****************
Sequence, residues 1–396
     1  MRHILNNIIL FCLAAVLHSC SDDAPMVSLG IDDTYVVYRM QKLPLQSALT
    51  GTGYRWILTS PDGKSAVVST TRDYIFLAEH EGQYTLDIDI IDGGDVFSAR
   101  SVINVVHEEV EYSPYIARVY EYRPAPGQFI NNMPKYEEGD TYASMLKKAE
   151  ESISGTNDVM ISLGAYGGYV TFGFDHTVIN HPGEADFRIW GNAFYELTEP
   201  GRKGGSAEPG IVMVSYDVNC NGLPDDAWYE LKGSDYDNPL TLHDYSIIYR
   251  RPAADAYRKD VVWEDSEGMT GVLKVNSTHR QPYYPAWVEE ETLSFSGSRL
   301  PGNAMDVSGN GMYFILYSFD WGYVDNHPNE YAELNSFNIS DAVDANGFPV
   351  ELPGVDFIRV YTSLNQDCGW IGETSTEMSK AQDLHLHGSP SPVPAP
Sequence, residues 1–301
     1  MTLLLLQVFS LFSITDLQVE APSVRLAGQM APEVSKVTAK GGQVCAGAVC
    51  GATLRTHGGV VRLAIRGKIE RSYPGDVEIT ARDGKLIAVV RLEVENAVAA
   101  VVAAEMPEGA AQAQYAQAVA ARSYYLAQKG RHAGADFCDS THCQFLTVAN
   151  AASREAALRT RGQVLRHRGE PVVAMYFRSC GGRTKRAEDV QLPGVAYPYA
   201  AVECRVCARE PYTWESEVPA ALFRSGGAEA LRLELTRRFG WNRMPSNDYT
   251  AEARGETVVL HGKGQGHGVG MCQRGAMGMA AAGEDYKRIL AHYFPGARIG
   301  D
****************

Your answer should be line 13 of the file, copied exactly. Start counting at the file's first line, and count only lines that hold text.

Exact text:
   101  VVAAEMPEGA AQAQYAQAVA ARSYYLAQKG RHAGADFCDS THCQFLTVAN